## Basic Math and Pre-Algebra

**PART 1. The World of Numbers**

**CHAPTER 6. Decimals**

**Powers and Scientific Notation Revisited**

Earlier you learned about using exponents to write powers of ten and how to write large numbers as the product of a number between 1 and 10 and a power of 10. What about the other side of the decimal point? How can you write the values of the places that hold decimal fractions as powers of ten? And how do you use scientific notation to express tiny decimal fractions?

*Powers of Ten for Numbers Less than 1*

Our place values to the left of the decimal point are 10^{0}, 10^{1}, 10^{2}, and so on, with the exponent getting larger as you move to the left. Each decimal fraction was created by breaking a whole into ten pieces or a hundred pieces or a thousand pieces and so on. You’re still using powers of 10, but you’re dividing by 10 each time you move to the right. You’re looking at place values that are getting smaller instead of bigger.

To write powers of 10 for these fractional values, you’re going to use a very similar system of exponents, but you have to add a signal that you’re going to the other side of the decimal point, going in the opposite direction. The signal that you’re moving to the right of the decimal point is a negative exponent. The negative signals an opposite, in this case, a move in the opposite direction.

The tenths place is worth a tenth of a whole, or the fraction you get by dividing 1 by 10. You signal that value as 10^{-1}. The hundredths place is worth 1 ÷ 100, or 1 ÷ 10^{2}, which you can write as 10^{-2}. The thousandths place is worth 10^{-3}. To express the value of a place to the right of the decimal point as a power of ten, count the number of digits to the right of the decimal point, put a minus sign in front of that number, and use that number as an exponent on 10.

Numbers Less than 1 as Powers of 10

Tenths |
Hundredths |
Thousandths |
Ten-thousandths |
Hundred-thousands |

0.1 |
0.01 |
0.001 |
0.0001 |
0.00001 |

1 digit after decimal point |
2 digits after decimal point |
3 digits after decimal point |
4 digits after decimal point |
5 digits after decimal point |

10 |
10 |
10 |
10 |
10 |

CHECK POINT

6. Write 0.00001 as a power of ten.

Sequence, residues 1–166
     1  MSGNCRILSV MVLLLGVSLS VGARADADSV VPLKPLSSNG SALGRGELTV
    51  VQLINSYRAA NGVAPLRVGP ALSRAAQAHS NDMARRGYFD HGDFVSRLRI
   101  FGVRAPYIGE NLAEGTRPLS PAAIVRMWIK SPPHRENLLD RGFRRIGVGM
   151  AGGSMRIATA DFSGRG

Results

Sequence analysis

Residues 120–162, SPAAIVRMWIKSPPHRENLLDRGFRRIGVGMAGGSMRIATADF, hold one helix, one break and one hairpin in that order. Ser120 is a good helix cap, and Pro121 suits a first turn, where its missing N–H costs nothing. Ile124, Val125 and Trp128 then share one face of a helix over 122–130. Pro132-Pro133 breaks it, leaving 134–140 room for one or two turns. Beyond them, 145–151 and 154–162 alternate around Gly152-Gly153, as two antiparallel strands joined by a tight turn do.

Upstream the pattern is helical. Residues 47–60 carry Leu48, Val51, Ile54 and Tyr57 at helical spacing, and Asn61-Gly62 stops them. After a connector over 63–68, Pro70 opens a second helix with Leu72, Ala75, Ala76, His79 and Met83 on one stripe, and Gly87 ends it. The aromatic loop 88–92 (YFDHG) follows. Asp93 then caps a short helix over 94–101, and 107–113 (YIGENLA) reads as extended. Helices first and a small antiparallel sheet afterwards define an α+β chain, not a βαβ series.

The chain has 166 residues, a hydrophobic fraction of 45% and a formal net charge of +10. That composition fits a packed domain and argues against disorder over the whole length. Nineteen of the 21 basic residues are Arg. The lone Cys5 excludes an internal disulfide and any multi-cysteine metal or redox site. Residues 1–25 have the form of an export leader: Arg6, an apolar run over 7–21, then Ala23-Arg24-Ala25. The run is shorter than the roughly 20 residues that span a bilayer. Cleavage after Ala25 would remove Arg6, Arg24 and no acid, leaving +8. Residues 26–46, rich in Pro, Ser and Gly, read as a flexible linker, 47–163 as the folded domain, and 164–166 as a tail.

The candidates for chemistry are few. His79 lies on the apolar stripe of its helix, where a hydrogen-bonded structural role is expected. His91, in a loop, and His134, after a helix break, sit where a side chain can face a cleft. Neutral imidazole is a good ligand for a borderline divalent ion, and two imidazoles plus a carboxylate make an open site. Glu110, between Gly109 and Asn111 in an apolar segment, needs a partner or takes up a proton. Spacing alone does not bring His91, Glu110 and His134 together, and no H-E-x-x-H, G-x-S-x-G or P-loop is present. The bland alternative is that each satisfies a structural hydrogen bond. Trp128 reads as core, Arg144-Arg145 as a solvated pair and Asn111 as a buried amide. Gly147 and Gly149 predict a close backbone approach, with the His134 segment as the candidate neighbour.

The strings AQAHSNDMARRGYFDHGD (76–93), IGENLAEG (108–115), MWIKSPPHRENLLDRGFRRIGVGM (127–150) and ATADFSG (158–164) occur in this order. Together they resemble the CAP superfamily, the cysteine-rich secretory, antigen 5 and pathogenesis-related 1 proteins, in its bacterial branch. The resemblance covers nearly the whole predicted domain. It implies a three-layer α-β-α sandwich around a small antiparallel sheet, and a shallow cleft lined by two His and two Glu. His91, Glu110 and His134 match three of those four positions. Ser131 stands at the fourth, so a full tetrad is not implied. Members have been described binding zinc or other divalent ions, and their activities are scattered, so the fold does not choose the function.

7. Write 0.000000001 as a power of ten.

8. Write 0.000000000000001 as a power of ten.

9. Write 10^{-6} in standard form.

10. Write 10^{-10} in standard form.

*Scientific Notation for Small Numbers*

Writing small numbers in scientific notation is almost the same process as you used for large numbers. A small number like 0.00045 can be written in scientific notation by first writing the digits of the number and placing a decimal point after the first nonzero digit. This gives you the number between 1 and 10. (Later you can drop any leading zeros.)

Count from where you just placed the decimal point to where it actually should be. Notice that you’re counting in the opposite direction from what you did with large numbers. You’ll show that by making the exponent negative. The number of places tells you the exponent to put on the ten, but it will have a minus sign on it.

Suppose you want to write 0.00045 in scientific notation.

Copy the number and put a decimal point after the first nonzero digit.

Count to where the decimal point ought to be.

Make the exponent negative.

needs an exponent of -4.

Write as a number between 1 and 10 times a (negative) power of ten.

00004.5 x 10^{-4}

Drop any leading zeros.

4.5 x 10^{-4}

Now you can see that 0.00045 = 4.5 x 10^{-4}.

MATH TRAP

It's easy to get confused with so many zeros in the number. Count carefully, and place a mark over or under each digit as you count your way to the decimal point. Have a system so you don't get confused with all those zeros.

To change a small number that is written in scientific notation to standard form, copy the digits of the number between 1 and 10 and move the decimal point to the left as many places as the exponent on the 10. This is the same process you used with large numbers, but you move to the left because, for small numbers, the exponent is negative. You can add zeros if you run out of digits. The number 4.193 x 10^{-4} becomes or .0004193. It’s customary to put a zero in the ones place, so this could be written 0.0004193.

CHECK POINT

11. Write 0.492 in scientific notation.

12. Write 0.0000051 in scientific notation.

13. Write 2.7 x 10^{-5} in standard notation.

14. Write 8.19 x 10^{-7} in standard notation.

15. Write 5.302 x 10^{-4} in standard notation.